Adult scoliosis correction: Clinical and radiographic comparison of techniques

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This study compares outcomes in patients with adult scoliosis treated with the new direct vertebral translation technique compared to patients treated with rod derotation and in situ bending.


Sixty consecutive adult scoliosis patients age 55 (20-80 yrs) underwent posterior correction by one surgeon, followed 4 yrs (2-11 yrs). Seventeen used rod derotation and in situ rod bending. Forty-three used direct vertebral translation by slowly pulling the spine to a contoured rod via pivoting reduction posts attached to screws, simultaneously correcting both coronal and sagittal deformity. Two patients from each group required osteotomies. Anterior surgery was required in 15/17 control and 39/43 direct translation patients. Oswestry, VAS, pain medication use, and work status were followed along with radiographs. Clinical and radiographic results were analyzed by curve type.


The direct translation group curves of 49° (range 17–83°) corrected 72% to 14° (4-40°) was better (P<0.01) than control group curves of 55° (25–84°) corrected 48% to 29° (10-59°). Idiopathic scoliosis of 58° (43–83°) in the translation group corrected 69% to 18° (7–40°) compared to 49% correction in the control group. Correction of translation group vs control group by curve type was: degenerative 67% vs 49%, thoracic 70% vs 51%, thoracolumbar 81% vs 44%, lumbar 74% vs 67% , double major 62% vs 34% . Control group complications included 3 nonunions (17%), 2 screw loosening (11%), 1 broken rod, 1 infection. The translation group had 4 nonunions (9%), 2 infections, no screw pullout. Eleven of 14 patients working pre-op returned to work. Oswestry and VAS score improvements were not statistically different between groups at 1 and 2 years.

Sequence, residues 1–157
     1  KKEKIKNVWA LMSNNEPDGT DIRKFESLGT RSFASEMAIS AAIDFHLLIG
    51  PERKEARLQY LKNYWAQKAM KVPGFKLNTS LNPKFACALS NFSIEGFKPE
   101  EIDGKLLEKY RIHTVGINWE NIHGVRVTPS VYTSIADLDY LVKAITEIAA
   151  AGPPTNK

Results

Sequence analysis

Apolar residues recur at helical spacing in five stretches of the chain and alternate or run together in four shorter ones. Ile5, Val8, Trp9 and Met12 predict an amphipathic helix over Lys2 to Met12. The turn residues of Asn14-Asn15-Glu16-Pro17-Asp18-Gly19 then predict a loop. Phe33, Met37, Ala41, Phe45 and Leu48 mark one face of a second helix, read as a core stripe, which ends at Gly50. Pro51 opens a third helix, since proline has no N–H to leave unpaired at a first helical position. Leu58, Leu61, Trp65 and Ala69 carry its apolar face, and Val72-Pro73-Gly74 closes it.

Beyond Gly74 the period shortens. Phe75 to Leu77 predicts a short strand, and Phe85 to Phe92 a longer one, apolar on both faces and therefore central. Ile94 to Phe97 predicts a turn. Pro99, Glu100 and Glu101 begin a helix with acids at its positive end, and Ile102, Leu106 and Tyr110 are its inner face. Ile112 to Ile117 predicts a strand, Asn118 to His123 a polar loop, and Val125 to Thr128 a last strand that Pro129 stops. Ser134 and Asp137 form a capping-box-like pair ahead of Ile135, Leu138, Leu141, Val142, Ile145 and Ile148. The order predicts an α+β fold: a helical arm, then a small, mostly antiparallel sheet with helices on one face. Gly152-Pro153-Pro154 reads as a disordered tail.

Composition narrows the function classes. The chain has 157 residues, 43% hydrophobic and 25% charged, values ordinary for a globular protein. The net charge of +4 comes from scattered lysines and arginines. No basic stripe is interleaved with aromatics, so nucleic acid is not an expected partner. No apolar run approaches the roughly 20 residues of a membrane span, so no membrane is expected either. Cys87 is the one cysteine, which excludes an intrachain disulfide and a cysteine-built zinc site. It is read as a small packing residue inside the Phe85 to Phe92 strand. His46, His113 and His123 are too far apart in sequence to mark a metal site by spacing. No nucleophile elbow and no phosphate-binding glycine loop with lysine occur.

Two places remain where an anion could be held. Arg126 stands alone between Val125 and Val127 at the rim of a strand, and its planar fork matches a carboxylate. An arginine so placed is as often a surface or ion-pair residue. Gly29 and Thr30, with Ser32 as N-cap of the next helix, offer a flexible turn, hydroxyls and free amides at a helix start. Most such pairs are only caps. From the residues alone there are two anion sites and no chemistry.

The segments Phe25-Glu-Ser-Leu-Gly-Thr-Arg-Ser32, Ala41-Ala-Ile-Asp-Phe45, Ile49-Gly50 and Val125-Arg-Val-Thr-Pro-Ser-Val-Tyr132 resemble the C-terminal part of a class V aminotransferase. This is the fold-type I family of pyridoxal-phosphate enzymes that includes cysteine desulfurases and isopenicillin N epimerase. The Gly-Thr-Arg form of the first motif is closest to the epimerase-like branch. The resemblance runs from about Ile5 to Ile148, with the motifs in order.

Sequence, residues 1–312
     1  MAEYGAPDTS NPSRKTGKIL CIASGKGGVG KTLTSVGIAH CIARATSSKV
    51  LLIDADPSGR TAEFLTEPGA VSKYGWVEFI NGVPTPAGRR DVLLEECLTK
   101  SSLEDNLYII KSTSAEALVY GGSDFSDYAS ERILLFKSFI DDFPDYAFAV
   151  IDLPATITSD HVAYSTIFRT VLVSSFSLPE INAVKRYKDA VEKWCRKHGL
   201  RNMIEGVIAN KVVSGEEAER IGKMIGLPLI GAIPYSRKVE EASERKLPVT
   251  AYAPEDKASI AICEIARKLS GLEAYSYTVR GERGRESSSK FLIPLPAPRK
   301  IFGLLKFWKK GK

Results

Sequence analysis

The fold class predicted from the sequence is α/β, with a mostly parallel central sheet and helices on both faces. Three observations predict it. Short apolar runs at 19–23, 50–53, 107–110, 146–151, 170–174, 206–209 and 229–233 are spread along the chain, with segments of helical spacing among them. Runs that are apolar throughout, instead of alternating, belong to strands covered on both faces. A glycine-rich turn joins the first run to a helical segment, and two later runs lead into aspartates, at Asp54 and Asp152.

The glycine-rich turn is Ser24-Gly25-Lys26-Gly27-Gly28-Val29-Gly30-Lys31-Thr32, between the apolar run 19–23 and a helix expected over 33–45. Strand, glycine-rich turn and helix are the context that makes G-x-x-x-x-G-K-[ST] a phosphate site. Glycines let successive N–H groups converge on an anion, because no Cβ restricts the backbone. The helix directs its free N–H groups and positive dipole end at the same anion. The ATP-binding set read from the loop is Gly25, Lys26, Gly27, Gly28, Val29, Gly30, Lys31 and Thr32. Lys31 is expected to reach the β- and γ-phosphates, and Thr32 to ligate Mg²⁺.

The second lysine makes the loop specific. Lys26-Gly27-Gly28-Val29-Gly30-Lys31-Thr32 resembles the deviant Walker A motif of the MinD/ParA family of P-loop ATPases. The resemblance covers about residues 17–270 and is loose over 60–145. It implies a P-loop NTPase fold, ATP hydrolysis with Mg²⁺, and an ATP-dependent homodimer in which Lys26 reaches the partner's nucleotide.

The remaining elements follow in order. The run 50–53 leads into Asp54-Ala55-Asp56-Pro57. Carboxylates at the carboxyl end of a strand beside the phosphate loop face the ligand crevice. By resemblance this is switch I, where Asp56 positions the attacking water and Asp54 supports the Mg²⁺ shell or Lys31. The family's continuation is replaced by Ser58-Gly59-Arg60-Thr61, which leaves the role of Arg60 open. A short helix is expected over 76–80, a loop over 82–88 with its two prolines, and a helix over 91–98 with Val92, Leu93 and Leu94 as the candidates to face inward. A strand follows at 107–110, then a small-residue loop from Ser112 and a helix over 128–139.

This study shows statistically improved correction of adult scoliosis by direct vertebral translation using screws with pivoting reduction posts compared to other techniques. The most dramatic improvement was seen in patients with thoracolumbar and lumbar scoliosis. The technique appears to be very promising in patients with adult scoliosis.


This study compares outcomes of 60 patients with adult scoliosis surgically treated using either rod derotation and in situ bending versus direct vertebral translation with screws containing pivoting reduction posts, followed 4 years. Direct vertebral translation was statistically superior (72% vs. 49%) in achieving deformity correction.